In his book Boll also reveals he worked alongside – not inside – an SS guard nicknamed “Blood and Fire.”

The quote that I objected to was from Boll’s sister, Madeline Kern, who said she wants to meet the Hitler Youth battalion that “kept us safe when he attacked Russia.” As a Jewish person and survivor of a concentration camp, I profoundly feel a deep need to respond to this statement. I cannot begin to forgive what happened to those who lived under the Third Reich. My nieces and nephews, the grandchildren of people who survived the Lodz Ghetto and Auschwitz-Birkenau, are a part of my life and experience of the Jewish tragedy. Their inevitable political differences and their “fears” of a literal attack on Israel make them completely irrelevant in my personal experience with the Holocaust. We must, as a civilization, recognize and act to prevent future Holocausts.

Any notion that my position on the Gold Fleet could be put into the minds of people who, by and large, would never read my blog and thus wouldn’t have even a chance to judge for themselves falls far short of the truth. A 25-year old Cologne student read one of my posts as, “anyone would probably understand” that finding German gold would have been an impossible task, especially if they were sent to the US (that is what the German Navy’s policy was). She found out that I am anti-Gold Fleet and never saw a comment that I supported the practice.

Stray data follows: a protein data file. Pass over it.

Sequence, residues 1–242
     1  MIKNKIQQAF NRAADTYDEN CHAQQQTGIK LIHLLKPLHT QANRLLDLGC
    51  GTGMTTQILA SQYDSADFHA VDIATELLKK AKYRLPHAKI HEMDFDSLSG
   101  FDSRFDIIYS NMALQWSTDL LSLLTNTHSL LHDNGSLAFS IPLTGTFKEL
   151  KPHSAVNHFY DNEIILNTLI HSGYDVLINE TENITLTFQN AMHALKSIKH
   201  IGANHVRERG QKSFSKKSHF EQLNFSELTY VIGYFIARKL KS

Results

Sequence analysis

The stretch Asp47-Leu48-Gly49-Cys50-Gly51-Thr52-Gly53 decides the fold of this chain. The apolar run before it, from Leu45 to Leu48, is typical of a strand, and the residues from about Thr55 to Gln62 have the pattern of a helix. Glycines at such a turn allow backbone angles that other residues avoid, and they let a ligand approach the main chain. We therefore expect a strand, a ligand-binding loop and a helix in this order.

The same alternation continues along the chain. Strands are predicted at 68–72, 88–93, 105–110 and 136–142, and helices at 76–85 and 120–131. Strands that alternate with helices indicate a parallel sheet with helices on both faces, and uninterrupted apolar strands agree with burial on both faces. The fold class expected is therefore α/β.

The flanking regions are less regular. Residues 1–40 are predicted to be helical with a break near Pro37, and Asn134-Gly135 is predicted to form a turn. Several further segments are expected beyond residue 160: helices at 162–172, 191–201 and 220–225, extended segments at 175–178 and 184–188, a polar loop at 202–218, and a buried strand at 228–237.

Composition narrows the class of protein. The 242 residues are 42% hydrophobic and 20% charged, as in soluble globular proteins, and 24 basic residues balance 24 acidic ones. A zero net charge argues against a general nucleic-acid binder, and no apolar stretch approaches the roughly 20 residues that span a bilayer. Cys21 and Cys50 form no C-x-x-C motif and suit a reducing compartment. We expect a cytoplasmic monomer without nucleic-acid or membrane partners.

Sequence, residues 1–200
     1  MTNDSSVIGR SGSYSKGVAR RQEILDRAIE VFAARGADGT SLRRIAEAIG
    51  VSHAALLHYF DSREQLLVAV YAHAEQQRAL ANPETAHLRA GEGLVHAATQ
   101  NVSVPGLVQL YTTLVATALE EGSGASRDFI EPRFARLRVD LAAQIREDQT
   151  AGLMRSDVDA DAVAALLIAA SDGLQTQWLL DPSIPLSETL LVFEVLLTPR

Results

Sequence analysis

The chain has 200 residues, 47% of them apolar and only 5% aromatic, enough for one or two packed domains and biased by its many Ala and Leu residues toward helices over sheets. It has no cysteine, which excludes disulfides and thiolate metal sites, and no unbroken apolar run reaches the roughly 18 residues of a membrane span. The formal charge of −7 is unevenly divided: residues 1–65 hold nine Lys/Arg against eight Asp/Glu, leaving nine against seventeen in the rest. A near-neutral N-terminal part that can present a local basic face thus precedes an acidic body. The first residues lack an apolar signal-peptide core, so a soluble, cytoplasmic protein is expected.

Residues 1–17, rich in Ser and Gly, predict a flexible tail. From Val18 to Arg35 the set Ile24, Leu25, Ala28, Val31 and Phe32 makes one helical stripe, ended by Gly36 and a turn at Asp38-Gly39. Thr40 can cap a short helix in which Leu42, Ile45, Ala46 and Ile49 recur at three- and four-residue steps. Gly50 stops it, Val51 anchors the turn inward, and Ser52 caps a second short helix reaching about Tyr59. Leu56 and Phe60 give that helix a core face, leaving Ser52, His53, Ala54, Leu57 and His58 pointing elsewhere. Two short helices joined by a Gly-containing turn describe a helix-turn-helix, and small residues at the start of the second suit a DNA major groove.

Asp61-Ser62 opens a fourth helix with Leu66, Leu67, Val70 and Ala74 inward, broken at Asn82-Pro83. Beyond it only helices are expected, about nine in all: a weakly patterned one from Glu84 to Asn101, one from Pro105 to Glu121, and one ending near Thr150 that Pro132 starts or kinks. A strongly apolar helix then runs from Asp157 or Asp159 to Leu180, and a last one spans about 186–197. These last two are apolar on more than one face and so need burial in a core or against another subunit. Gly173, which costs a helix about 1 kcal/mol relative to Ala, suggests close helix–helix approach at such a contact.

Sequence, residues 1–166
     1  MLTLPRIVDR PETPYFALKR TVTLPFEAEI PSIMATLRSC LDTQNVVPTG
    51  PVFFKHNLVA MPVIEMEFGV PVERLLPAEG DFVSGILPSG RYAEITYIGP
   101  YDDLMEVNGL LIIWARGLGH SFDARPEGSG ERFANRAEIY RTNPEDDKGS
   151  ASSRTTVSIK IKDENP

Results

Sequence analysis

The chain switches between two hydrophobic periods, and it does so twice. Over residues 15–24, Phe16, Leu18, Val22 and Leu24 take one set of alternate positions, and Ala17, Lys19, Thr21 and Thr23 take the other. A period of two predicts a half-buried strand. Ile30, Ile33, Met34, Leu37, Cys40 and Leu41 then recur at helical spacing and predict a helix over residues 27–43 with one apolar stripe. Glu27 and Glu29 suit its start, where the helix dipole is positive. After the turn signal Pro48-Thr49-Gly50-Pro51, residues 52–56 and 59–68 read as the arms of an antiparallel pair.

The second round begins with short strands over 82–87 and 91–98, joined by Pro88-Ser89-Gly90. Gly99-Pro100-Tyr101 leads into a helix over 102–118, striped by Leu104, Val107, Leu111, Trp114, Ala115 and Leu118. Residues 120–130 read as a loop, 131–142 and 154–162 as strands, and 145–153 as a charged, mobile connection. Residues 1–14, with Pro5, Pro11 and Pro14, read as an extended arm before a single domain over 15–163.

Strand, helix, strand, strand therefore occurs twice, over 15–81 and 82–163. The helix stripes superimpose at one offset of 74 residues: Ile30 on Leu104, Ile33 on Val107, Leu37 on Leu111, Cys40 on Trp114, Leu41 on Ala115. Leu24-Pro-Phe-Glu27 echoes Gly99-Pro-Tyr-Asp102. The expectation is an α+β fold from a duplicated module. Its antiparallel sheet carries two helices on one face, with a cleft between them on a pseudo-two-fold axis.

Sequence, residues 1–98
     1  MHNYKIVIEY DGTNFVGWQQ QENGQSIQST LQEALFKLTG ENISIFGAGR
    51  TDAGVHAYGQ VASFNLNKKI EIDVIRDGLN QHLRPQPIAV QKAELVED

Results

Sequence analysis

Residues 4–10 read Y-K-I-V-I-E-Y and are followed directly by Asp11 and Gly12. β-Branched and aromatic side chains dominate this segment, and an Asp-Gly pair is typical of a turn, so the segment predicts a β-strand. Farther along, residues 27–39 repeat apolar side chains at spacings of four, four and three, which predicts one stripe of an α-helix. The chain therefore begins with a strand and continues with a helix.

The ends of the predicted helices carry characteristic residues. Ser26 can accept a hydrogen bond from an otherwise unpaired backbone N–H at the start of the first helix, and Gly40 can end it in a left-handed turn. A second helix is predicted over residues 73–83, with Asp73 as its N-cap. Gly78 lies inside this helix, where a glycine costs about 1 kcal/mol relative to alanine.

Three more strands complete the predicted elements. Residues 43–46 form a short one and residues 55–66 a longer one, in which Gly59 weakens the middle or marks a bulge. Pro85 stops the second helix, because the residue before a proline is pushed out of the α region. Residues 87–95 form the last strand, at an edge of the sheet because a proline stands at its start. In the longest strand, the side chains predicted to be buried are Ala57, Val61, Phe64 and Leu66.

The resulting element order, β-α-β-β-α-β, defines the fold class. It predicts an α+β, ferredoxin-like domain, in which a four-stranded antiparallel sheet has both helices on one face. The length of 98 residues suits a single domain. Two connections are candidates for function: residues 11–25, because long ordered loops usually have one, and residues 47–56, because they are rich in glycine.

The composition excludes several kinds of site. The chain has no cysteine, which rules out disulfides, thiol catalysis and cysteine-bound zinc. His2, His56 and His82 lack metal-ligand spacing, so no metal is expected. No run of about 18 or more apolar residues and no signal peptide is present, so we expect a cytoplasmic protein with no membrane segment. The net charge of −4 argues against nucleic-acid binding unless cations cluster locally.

My personal line in the sand on the Gold Fleet came in 2010 when I wrote “Exactly one percent of the remaining fragments of gold belonging to Jewish Holocaust victims are in the possession of American museums. Why does the CSA (US based) still want to take over the Nazi gold task force and I’m afraid so is the US Administration”. I can see where some people might think that post made me and the CSA insensitive. However, I made clear that that was not my view at all and that mine was a desire to preserve the memories of those affected by the Nazi holocaust.

My position on the Gold Fleet is as clear as crystal – 100 percent of the remaining inventory should go to the museums in the US and the rest to the Holocaust Compensation Trust in Germany. The contemporary view that “Junk” should remain at US hands perpetuates the Western lie that there was anything to the Holocaust.

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Vermont drought strangling crops, experts say

JAMESTOWN, Vt. —A dry start to Vermont’s 2018 agriculture season means drought conditions and heat spells for farmers in the northeast corner of the state. The dryness in early October was bad enough that rain was recorded just four days later at Lake Champlain.

The rainfall was good news for irrigation, but off-and-on heat threatens to diminish crop yields as of late November.

The state Department of Agriculture, Markets and Food had reports of near-record levels of frost damage in some areas. One farmer in Manchester reported a burned corn yield and irrigation had to be scaled back for most crops.

Frost will freeze plant buds and foliage later this winter and spring. Melting snow and rain later in spring will shed new seed heads on plants and cause more harm.

Vermont experts say this drought is no climate change anomaly, but a recurrence of long-term weather patterns. In the Northeast, average temperatures have risen by nearly 3 degrees Fahrenheit from 1984 to 2017, while water availability has been trimmed.

Small potatoes and potatoes-yugy, an aromatic variety of leafy greens, have been in high demand, helped by recent drought conditions.